About Us


The Most Revd and Rt Hon Justin Welby
Archbishop of Canterbury

General Secretary

The Revd Canon James G. Callaway, D.D.

CUAC Mission

The Colleges and Universities of the Anglican Communion (CUAC) was formed as a world-wide association of Anglican colleges and universities of higher education as a result of an International Conference of representatives assembled at Canterbury in 1993 (Christ Church College, UK), to be:

  • a continuing association in the spirit of mutual respect, reciprocity and support in order to:
    • enhance international/intercultural understanding through education,
    • examine issues of values within the context of church-related higher education, and
    • examine further the potential within the Anglican Communion to serve God and the world more effectively, imaginatively and creatively


  • development of visits and exchanges for students, faculty and administrators,
  • engagement in volunteer service to people in need,
  • scheduled meetings and conferences on topics related to high education,
  • regular communication of bulletins and newsletters,
  • joint curricular development,
  • sharing of institutional and educational resources, and scholarly journals, research, and joint degrees.

CUAC History

The history of CUAC goes back to 1962, when its predecessor, The Fund for Episcopal Colleges, was established at the Episcopal Church Center in New York. At that point membership was limited to the Presiding Bishop and the presidents of "independent, four year accredited colleges or universities, associated by history or tradition with the Protestant Episcopal Church". The purposes of the newly established organization were "to provide a framework for cooperative endeavor, to strengthen the member colleges and their programs, and to foster the intellectual and spiritual values implicit in their founding". In 1966, the act of incorporation was amended with a new name, the Association of Episcopal Colleges (AEC) - as it remains to this day.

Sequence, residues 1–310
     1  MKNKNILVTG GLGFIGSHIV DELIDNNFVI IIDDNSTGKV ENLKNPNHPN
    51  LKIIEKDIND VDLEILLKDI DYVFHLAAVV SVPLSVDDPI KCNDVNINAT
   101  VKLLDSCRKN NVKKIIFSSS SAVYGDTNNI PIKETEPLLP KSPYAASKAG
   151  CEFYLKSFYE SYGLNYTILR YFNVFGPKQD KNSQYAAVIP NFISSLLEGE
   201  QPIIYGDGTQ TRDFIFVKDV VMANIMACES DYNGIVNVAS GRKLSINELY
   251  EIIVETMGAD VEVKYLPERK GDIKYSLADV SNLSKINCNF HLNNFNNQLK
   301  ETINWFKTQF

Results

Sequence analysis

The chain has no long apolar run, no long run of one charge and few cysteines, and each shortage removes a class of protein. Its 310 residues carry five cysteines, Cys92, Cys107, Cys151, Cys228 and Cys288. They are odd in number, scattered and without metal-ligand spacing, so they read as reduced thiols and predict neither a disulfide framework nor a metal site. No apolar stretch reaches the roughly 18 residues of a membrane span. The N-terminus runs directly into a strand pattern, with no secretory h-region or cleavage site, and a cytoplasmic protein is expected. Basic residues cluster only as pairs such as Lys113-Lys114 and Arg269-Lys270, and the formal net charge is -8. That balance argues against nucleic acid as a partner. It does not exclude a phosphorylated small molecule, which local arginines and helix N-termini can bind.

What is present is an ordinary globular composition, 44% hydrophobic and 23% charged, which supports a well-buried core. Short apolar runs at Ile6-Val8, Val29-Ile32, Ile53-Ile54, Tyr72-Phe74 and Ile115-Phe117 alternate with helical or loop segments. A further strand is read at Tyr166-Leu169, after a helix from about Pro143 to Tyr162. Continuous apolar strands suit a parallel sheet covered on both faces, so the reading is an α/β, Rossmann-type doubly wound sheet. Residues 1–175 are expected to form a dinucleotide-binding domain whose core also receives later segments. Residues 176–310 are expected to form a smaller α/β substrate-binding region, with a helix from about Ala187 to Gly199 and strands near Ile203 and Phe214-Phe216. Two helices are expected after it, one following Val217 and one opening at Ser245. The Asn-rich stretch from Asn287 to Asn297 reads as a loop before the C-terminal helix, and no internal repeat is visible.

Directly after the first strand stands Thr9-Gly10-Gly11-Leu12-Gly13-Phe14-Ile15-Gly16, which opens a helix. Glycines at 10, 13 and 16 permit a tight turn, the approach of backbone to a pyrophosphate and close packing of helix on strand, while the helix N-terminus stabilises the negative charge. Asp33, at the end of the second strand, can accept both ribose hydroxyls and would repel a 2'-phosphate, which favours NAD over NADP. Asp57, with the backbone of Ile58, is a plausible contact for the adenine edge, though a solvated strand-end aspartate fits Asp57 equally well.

The idea of developing this association (CUAC) was conceived and initiated by AEC, and a founding conference of Anglican college heads from around the Communion was held at Canterbury in 1993. With a similar Christian framework and intent as the AEC colleges, CUAC was to develop a program which would:

  • enhance international/intercultural understanding through education,
  • develop visits and exchanges for students, faculty and administrators,
  • engage students and faculty in volunteer service to people in need,
  • schedule meetings and conferences on topics related to higher education,
  • communicate regularly through bulletins and newsletters,
  • promote joint curricular development,
  • encourage sharing of institutional and educational resources,
  • promote scholarly journals, research, and joint degrees.

CUAC has held international conferences for administrators, chaplains and faculty in New Delhi, Toronto, Tokyo and currently again at Canterbury and York. It publishes a peer-reviewed Academic Journal called Prologue. It also runs a website to facilitate exchanges, joint programs and services.

The most recent program development for CUAC has been to track down and contact all Anglican theological institutions and programs world-wide, in order to create a Communion-wide "inventory" of these colleges/seminaries, a summary of their programs and resources, and to create an Internet "Network" for them similar to that enjoyed by current CUAC members in higher education. CUAC is currently creating a new website with an Information Summaries for each program/institution, and Bulletin Boards, Student/Faculty Exchange Forums, and opportunities for joint programming.

CUAC promotes Christian higher education in colleges and universities around the world that have an active presence within the Anglican Communion. In particular, CUAC's purpose is to provide a collaborative network to its member institutions, for the exchange of ideas, for the mutual development of programs and courses, for cultural exchanges, and for both relational and material collegial support amongst members, in order that they might better serve their students, their societies, and the world as a whole.

In a time when the Anglican Communion experiences significant tensions, CUAC serves as a place of cross-cultural dialogue and enrichment among the future leadership of the global Anglican world. Hence, CUAC has been officially recognized as a "Network" in the Anglican Communion since 2003. The Archbishop of Canterbury serves as Patron of CUAC.